I think sort uses temporary files automatically. Temproaries are mentioned in several places in the man and info pages for sort, including: --compress-program=PROG compress temporaries with PROG; decompress them with PROG -d -T, --temporary-directory=DIR use DIR for temporaries, not $TMPDIR or /tmp; multiple options ...


2

result=$(grub-md5-crypt | grep xy) echo $result If grub-md5-crypt prints to stderr use: result=$(grub-md5-crypt 2>&1 | grep xy) echo $result


2

There are multiple usecases, this is one of them. Applying a kernel patch: cd linux-3.16.2 && patch -p1 < patch-3.16.2-3


2

You can use exec to redirect the stdin. In a script: exec < <(cat lines) while read line ; do echo "line: $line"; done You can't use in a login shell though (it will dump the file on the stdout and exit). In that case you can open a different file descriptor: exec 3< <(cat lines) while read -u 3 line ; do echo "line: $line"; done For ...


1

Good ol' ed: $ cat file.txt foo bar baz $ cat edcommands.txt ,s/ba/ta/ w q $ ed file.txt < edcommands.txt 12 12 $ cat file.txt foo tar taz (Though of course for such a short command you would just do printf ",s/ba/ta/\nw\nq" | ed file.txt. ;) )


1

Standard Input (stdin) Redirection In Linux, cat command is used to print the content of a file. However, if cat command is executed without any input argument then by default it tries to read from the standard input (stdin) and because stdin is linked to the keyboard therefore it just waits for user to type something. # cat Hello World! This is ...


1

If it doesn't work in your shell script you might want to use bash. Just add: #!/bin/bash It must be in the first line of your file! This means your script will be using bash interpreter other than normal shell's one (/bin/sh). Completing noEntry's answer, you can also save output to a file. grub-md5-crypt | grep xy > output Or: ...


1

I tested the behavoir with a huge file (comma separated, csv, 2173762 lines, 186MB) awk piped to sort gives me, 49611 syscalls and: real 0m5.134s user 0m5.048s sys 0m0.080s awk to a temporary file and then sort the file in a 2nd step gives me 49719 syscalls and: real 0m6.006s user 0m5.836s sys 0m0.152s Even the other way, sort ...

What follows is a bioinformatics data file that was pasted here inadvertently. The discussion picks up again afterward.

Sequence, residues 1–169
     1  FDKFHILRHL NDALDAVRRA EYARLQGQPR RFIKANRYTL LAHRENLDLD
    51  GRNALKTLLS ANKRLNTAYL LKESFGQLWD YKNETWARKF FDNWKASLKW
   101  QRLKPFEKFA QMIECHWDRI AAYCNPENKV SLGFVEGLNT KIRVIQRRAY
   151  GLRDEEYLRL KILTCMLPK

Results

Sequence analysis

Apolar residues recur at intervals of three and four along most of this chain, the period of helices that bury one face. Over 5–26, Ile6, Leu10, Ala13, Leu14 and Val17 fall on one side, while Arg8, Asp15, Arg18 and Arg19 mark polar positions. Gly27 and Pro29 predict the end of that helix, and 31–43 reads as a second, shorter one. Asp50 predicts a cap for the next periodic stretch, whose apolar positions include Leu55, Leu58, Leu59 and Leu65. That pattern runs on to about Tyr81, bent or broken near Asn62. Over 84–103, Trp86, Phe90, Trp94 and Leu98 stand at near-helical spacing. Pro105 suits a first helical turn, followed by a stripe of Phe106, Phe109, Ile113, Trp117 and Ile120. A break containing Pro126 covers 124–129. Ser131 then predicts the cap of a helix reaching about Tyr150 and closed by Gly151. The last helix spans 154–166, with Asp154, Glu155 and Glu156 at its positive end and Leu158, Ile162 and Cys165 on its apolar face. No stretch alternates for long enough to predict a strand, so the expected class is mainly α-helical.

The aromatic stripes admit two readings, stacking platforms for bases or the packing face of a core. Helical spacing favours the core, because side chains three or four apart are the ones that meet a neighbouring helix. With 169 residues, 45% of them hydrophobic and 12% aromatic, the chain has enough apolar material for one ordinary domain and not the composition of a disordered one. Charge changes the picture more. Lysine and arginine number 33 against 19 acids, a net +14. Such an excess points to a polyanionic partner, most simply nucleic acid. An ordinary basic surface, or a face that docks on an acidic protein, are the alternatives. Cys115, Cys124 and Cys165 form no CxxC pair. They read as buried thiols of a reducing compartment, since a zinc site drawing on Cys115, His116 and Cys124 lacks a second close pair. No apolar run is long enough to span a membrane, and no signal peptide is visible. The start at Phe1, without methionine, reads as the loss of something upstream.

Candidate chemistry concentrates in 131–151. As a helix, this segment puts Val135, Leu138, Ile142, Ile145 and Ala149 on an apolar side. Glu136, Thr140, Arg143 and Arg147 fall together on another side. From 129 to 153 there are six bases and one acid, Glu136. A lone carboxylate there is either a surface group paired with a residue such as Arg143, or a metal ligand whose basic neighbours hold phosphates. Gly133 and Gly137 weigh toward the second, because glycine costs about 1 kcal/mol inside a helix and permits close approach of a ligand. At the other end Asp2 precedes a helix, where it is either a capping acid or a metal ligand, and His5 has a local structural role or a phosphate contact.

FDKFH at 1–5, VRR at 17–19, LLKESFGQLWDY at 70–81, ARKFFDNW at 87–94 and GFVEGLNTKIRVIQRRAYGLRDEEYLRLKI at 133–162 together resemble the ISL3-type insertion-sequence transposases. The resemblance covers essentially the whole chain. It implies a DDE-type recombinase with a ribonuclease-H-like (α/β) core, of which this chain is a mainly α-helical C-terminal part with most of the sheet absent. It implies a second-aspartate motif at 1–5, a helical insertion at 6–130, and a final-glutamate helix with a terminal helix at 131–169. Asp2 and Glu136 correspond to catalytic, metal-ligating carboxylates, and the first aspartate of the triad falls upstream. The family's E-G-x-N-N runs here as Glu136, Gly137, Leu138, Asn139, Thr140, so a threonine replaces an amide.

1

part of fuser is sent to stdout (standard output), and part to standard error. how is output split ? piping mechanism only catch stdout. plain fuser mybox $ fuser / /: 350r 356r 357r 364r 10484rc 10485r now redirecting, see pid are in a, while type of file (c or r) is in stderr. mybox $ fuser / > a /: ...


1

I found the Bash One-Liners Explained series very useful in understanding more about all this stuff. Specifically the article linked above is all about input redirection. To solve the specific example above: > tr "o" "a" <<< $(echo "Foo") Faa


1

You're running into an output buffering problem. sed normally buffers its output when not writing to a terminal, so nothing gets written to the file until the buffer fills up (probably every 4K bytes). Use the -u option to sed to unbuffer output. clock -sf 'S%A, %B %d. %I:%M %P' | sed -u 's/\b0\+\([0-9]\+\)/\1/g' > testfile


1

I am so sorry, I just woke up. I was piping the output through grep and had my redirection on the wrong side of the pipe! I was redirecting the stderr of grep not yum! Mods, feel free to delete this, or leave it up if it has any value.


1

rpm -qa > file ; wc -l file should do what you want.


1

netcat springs to mind; it may be the more sensible choice (given the no-overhead, no compression approach to network communications) on your low-spec receiving machine. A nice usage example can be found here: http://stackoverflow.com/questions/4113986/example-of-using-named-pipes-in-linux-bash


1

If you know you're going to want to do this in advance ... Create a script session on your home computer (using -f to flush buffer): script -f output.txt rsync -vr /media/master /media/slave (Ctrl+D to finish the script session when get home) At work you can track output.txt: tail -f output.txt